Whenever I travel to an unfamiliar area I always try to get out on the water. It’s not enough to just feel a sea breeze on my face while taking a walk along a city’s waterfront or by strolling barefoot on a beach. I need to experience the feel of water passing under a boat’s hull. I need to experience the area from the perspective of a sailor, and take regard of the shoreline from the sea instead of regarding the sea from the shoreline. I want to get a feel for the lay of the waterways, a sense of what it might be like to ply these unexplored waters on a regular basis. There’s also my sense that there is more likely “adventure” to be found on the water then there is on land.
And it’s not just ocean water that attracts me, as I’ve always been drawn to lakes, ponds and rivers, as well. If there is water, I look for boats and the means to get on one.
Back during my university days I visited my friend, Lee, in Sacramento. Not much water to speak of there, but after he mentioned a whitewater rafting trip he’d recently taken on the American River, I convinced him that we needed to explore the river further. So we packed a lunch, filled a cooler with beer, bought a cheap blow-up raft at WalMart and drove an hour or so northeast to a known launching area. Lee made arrangements for someone to pick us up at the end of the day at the take out some 20 miles downriver and we proceeded to blow up that raft with a foot pump.
A few people hanging about at the put-in spot gave us quizzical looks, and one man asked, “do you boys know what you’re doing?”
“Of course we did,” we replied. After all, Lee had recently rafted this river…with a guide and on a sturdy, hard-bottomed raft specifically made for white water rafting.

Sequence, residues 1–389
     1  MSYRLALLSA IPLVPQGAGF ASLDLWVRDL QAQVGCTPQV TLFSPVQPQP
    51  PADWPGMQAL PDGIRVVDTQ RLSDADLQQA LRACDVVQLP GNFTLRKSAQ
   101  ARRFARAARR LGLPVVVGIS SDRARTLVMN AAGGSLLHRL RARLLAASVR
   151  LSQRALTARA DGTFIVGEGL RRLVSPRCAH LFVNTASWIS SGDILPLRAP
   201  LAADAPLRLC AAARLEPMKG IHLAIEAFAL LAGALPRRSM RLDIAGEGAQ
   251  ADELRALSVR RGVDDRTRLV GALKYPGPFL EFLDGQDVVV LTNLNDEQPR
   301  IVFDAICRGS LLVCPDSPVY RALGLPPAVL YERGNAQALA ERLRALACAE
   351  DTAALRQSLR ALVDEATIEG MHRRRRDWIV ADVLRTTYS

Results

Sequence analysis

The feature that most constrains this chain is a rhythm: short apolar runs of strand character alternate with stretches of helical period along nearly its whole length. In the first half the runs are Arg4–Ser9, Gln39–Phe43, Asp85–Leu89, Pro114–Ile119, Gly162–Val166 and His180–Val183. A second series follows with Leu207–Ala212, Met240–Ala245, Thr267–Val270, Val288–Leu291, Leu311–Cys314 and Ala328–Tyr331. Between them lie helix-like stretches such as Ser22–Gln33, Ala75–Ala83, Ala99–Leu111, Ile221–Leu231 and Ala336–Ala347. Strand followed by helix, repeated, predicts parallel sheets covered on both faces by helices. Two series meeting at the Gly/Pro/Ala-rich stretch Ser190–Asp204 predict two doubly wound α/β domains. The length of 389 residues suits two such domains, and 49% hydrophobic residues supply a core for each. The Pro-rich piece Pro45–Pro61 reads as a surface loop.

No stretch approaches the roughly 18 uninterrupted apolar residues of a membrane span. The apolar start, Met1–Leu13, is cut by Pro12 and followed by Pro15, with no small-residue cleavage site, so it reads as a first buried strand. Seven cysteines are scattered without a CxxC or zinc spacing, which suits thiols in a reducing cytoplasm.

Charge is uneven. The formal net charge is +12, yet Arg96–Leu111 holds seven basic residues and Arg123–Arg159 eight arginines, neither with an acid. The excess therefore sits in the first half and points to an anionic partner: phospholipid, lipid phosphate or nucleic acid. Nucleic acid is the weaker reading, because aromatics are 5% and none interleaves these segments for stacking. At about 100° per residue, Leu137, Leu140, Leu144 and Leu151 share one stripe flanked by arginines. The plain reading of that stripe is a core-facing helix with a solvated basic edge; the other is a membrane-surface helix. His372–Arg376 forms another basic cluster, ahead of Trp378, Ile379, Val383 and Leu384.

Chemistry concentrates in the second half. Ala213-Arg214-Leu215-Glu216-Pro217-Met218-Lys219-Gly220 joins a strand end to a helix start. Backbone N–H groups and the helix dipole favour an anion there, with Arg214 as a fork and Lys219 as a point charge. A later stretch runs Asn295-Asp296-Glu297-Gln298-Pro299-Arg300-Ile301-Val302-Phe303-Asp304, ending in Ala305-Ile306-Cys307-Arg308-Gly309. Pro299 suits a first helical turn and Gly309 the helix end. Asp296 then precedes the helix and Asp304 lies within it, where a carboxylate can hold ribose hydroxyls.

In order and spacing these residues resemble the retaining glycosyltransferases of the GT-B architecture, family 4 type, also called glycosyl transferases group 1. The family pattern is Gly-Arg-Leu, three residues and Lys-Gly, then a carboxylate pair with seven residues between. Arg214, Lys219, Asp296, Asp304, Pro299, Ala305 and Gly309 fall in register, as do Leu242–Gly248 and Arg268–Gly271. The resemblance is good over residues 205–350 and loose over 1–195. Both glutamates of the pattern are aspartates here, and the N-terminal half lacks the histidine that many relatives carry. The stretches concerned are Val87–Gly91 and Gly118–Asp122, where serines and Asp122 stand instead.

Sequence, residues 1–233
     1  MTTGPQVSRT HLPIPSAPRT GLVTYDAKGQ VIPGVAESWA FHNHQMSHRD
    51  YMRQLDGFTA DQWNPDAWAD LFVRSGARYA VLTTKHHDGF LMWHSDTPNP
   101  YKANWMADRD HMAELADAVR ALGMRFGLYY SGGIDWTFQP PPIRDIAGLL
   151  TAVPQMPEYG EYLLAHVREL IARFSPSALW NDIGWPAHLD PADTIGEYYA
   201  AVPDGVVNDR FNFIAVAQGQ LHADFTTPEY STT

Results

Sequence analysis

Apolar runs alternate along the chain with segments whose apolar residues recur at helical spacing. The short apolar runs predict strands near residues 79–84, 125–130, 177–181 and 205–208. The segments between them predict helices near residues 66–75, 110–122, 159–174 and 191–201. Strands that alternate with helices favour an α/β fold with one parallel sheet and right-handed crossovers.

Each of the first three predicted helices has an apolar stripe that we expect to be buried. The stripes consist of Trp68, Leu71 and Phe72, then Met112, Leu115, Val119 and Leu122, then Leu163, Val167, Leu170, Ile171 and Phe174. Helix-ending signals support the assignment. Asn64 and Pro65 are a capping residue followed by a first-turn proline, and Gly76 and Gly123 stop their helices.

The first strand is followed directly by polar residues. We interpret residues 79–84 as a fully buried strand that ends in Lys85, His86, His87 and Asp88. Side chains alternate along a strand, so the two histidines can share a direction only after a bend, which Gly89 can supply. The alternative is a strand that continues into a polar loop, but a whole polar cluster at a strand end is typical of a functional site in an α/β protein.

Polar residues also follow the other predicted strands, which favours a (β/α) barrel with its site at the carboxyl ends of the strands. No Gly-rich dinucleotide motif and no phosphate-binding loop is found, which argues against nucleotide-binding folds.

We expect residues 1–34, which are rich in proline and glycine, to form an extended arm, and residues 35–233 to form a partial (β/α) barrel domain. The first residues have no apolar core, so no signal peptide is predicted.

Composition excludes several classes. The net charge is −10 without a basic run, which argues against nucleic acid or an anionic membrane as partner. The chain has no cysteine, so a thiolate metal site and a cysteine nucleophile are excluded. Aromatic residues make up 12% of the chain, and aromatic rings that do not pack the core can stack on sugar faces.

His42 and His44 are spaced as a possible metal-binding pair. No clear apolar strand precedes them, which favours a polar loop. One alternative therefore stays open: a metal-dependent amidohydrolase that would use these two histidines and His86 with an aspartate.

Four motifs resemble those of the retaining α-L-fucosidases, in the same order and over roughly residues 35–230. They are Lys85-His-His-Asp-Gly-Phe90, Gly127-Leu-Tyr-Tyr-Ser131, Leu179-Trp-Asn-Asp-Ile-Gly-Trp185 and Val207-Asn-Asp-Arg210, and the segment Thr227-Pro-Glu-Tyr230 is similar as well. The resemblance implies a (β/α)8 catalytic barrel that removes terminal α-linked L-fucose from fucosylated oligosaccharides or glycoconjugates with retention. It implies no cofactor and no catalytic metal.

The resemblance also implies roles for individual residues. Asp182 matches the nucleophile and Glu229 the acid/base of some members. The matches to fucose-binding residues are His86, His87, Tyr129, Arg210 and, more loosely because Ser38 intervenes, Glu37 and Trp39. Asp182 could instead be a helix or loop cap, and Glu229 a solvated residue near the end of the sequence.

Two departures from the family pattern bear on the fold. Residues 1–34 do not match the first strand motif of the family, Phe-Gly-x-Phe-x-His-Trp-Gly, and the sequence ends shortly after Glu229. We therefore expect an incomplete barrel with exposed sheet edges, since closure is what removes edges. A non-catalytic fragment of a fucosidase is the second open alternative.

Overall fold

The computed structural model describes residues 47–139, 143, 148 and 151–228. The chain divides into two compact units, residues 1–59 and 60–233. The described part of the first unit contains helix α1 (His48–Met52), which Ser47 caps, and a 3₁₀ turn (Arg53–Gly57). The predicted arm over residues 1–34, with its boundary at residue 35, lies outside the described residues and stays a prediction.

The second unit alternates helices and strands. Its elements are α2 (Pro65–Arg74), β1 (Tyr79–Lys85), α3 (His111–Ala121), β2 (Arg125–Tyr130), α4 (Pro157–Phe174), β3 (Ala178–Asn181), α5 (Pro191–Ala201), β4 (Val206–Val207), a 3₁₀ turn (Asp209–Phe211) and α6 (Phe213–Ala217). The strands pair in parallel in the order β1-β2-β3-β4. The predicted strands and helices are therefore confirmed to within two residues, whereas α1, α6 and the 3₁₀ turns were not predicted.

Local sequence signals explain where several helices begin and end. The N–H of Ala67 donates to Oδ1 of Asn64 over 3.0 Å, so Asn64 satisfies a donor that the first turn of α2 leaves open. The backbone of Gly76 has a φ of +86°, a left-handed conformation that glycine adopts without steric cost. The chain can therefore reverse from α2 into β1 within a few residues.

The man shook his head as if to say, fools rush in where angels fear to tread, and off we went, full of excessive bravado and confidence so common in 20-year-old men. A half mile down the river we hit the first rapids, appropriately named “Meatgrinder,” as our first impact with an unseen rock punched me in the left butt cheek making me howl out in pain. A couple of more strikes quickly followed, letting us know that perhaps our cheap raft wasn’t made for white water. And then we turned a corner to enter the frothing water of the actual rapids and were quickly upended—bye-bye beer, lunch and the first paddle…
…And only 19 more miles and about 30 named rapids to go!
Somehow we made it. We drifted into the take-out at dusk clinging to the last of the raft’s four air pockets that hadn’t yet been punctured, our bodies covered from head to toe in bruises and gashes. Our driver looked with incredulity at us and the remains of the raft and said, “what were you boys thinking?”
“What?” we replied, our bravado still intact. “That was great!”
On the ride back to our car, we did admit to a bit of discomfort, and agreed that we needed a more robust raft for any such future rafting adventures. We also bemoaned the loss of our beer, lunch and paddles. One small saving grace was that we had inverted our life vests to wear them around our mid-sections like a diaper, thus providing a bit of protection to the more sensitive parts of our bodies.
And no, we did not have helmets. But it didn’t seem to matter much, as apparently we had more bone up there in our noggins than we did brains.
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